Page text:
Bobby Conn is a musician from Chicago, known for his pop-rock. He often collaborates with other Midwestern artists like musicians Colby Starck and Jim O'Rourke, and film-maker Usama Alshaibi. Conn has released five studio albums to date: Bobby Conn (1997), Rise Up! (1998), The Golden Age (2001), The Homeland (2004) and King For A Day (2007), along with a live album Live Classics (2005) and an E.P. called Llovessonngs (1999). He currently lives in Humboldt Park, Chicago with his wife (violinist Monica BouBou) and two children. He has also once turned his hand to producing, helming a 2003 session for UK punk band The Cribs, which would make up part of their debut release, after he first encountered them as a local support band on a UK tour sometime in 2002.
Conn was first noticed playing guitar in the Chicago prog rock trio Conducent in 1989; by 1994 the group called it quits and Conn went solo. His first lineup consisted of ex-Conducent member DJ Le Deuce on turntables, as well as his future wife Monica Bou Bou on electric violin.
Bobby Conn is known for his elaborate (and untrue) press releases, and for lying in press interviews. Over the years he has claimed to be the Antichrist, to have cut off his ring finger, to have served time in a federal facility in Maryland, and to have invented "The Continuous Cash Flow System" in order to bring down America by creating a huge national debt.
A typical Bobby Conn press release read like this: "He developed the "Continuous Ca$h Flow System" while incarcerated in a federal facility in Maryland, serving out a sentence for mail fraud. In his solitude he was struck by two things: firstly, that his illegal difficulties were due to his focus on earning rather than spending as much money as possible, and more importantly, that he was likely to be the Anti-Christ. Bobby now knew that time was short, the coming Armageddon would destroy humanity at century's end, so he had to reach people quickly. A natural performer and gifted musician in the popular tradition, he structured his "Continuous Ca$h Flow System"[...]Bobby knows that creating a financial vacuum inside oneself is the best way to fill a spiritual void, and he demonstrates this regularly by distributing thousands of dollars in the form of $20 bills to every audience member. But with his gift comes a desire. A desire to spend. And spend. And spend yet more, creating a glorious Debt that promises, if not salvation, a thrilling high-paced life-style. And when the collective Debt of our generation grows large enough, the entire Pig System of Oppression will be snuffed out like a candle in a hurricane."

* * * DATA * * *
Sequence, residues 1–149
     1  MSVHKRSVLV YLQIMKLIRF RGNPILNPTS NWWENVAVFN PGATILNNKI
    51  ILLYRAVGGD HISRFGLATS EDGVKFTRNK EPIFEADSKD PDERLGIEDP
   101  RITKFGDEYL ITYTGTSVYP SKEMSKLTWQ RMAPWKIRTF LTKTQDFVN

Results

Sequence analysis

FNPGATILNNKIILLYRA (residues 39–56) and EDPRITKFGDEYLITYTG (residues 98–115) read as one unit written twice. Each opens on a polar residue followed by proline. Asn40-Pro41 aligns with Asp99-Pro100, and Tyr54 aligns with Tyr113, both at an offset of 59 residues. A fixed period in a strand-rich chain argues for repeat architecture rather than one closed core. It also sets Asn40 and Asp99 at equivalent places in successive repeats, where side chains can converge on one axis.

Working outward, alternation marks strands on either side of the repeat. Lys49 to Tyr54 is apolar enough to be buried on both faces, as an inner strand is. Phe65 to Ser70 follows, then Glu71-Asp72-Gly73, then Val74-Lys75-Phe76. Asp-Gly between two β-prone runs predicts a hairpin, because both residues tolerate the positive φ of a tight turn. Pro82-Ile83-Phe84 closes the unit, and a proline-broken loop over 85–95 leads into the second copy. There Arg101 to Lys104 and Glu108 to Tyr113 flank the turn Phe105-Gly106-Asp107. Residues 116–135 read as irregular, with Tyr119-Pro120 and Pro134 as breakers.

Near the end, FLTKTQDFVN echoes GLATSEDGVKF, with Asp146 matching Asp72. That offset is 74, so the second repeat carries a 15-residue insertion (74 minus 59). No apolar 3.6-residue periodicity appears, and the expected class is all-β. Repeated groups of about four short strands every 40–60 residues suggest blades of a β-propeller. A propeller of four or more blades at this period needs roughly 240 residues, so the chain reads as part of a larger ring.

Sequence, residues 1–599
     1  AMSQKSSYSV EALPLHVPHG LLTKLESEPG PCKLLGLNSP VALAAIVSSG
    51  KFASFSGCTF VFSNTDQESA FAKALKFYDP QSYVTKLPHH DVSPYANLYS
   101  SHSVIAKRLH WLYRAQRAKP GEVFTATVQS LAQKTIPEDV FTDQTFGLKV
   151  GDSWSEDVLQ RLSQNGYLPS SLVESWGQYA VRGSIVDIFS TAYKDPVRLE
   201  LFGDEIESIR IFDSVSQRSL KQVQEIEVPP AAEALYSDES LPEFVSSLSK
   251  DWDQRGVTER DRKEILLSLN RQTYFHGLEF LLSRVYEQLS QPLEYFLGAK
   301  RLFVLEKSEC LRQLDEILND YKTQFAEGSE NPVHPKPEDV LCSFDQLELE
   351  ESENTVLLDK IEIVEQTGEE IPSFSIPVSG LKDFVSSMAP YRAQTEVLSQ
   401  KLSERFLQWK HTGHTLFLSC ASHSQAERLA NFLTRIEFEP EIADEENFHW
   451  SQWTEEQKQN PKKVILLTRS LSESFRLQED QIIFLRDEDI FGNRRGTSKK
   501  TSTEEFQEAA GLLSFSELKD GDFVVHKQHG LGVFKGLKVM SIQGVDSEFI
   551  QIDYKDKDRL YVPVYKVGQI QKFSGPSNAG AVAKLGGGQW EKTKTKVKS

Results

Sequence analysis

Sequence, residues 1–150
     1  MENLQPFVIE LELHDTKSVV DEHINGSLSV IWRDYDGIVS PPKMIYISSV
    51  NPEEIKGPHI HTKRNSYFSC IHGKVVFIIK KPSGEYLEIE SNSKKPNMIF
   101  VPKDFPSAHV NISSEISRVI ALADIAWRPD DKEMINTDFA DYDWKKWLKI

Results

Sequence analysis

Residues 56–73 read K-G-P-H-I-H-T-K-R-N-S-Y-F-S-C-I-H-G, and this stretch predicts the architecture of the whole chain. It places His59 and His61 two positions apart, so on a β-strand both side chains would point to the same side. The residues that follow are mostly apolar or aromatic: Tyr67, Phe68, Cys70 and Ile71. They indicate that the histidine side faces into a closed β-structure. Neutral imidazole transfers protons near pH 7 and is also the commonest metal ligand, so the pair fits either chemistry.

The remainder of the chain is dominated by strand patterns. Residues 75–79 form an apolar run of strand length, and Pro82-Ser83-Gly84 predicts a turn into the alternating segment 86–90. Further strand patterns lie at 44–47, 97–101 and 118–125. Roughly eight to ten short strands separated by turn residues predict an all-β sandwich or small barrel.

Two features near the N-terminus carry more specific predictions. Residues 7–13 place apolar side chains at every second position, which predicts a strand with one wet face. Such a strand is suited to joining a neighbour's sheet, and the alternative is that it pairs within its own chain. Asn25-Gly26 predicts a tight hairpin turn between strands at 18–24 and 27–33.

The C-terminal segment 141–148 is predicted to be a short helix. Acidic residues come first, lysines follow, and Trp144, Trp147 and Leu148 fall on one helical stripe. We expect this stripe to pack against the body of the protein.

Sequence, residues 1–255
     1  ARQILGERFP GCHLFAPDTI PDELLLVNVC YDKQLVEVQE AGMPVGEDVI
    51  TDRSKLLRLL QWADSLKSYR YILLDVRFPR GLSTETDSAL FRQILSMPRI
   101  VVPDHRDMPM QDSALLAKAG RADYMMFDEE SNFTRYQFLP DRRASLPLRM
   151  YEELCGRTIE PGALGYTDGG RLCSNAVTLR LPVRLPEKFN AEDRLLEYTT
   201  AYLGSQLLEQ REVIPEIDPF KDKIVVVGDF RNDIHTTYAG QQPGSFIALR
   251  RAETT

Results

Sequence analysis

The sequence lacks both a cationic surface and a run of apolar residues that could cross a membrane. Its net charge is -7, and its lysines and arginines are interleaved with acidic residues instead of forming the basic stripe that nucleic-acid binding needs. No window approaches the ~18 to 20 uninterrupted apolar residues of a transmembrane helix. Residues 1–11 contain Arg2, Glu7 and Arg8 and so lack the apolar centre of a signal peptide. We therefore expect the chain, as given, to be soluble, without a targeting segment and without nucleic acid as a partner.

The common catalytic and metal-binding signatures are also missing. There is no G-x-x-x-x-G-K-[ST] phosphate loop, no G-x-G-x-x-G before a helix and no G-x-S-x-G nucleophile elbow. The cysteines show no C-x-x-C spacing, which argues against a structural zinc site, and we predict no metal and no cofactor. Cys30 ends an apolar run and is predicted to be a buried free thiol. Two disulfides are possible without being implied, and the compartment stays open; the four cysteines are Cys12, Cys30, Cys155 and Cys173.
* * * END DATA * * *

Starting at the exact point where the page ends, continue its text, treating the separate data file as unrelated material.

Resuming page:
In more recent years Conn has been more candid in interviews, and has admitted that all of these early fabrications for the press were merely a charade. When asked in an interview why he lied to the press so much Conn answered "I always thought it was part of the creative process. Creativity is lying. My own story doesn’t seem very interesting to me...You don’t want to be who you are onstage everyday. What’s the point in that? "
While Conn would usually be considered more avant garde than a protest singer, he said of his art that "All the records that I've done are a critique of what's going on in contemporary America" , and he is an outspoken critic of the Bush administration. However, Conn has admitted that while he actively protests what he sees as the evils of American society, he is not always at ease with such a label for himself. "I’ve always done lots of social commentary that I believe in pretty strongly but I am very uncomfortable with the role of the artist as a meaningful social critic...my whole generation [is] a confused group of people with an ambivalent way of dealing with protest." . Discussing his most recent album "King For a Day", Conn said "it's political, but just in a contemporary culture kind of way[...] Two of the songs are about Tom Cruise, and I don't know if there's a more political statement than Tom Cruise. He kind of symbolizes a lot of what's going on in this country right now and how people are responding to it."
Bobb Conn on being a 'protest singer':
It’s great when Curtis Mayfield does it, but when Mick Jagger writes about being a street-fighting man, it just kind of makes you sick. Or the Beatles singing about revolution. They’re entertainers—it’s a pose, it’s bullshit. I’m more of a vaudevillian than I am a political commentator. I don’t think people should turn to music for their serious information. People should read the newspaper.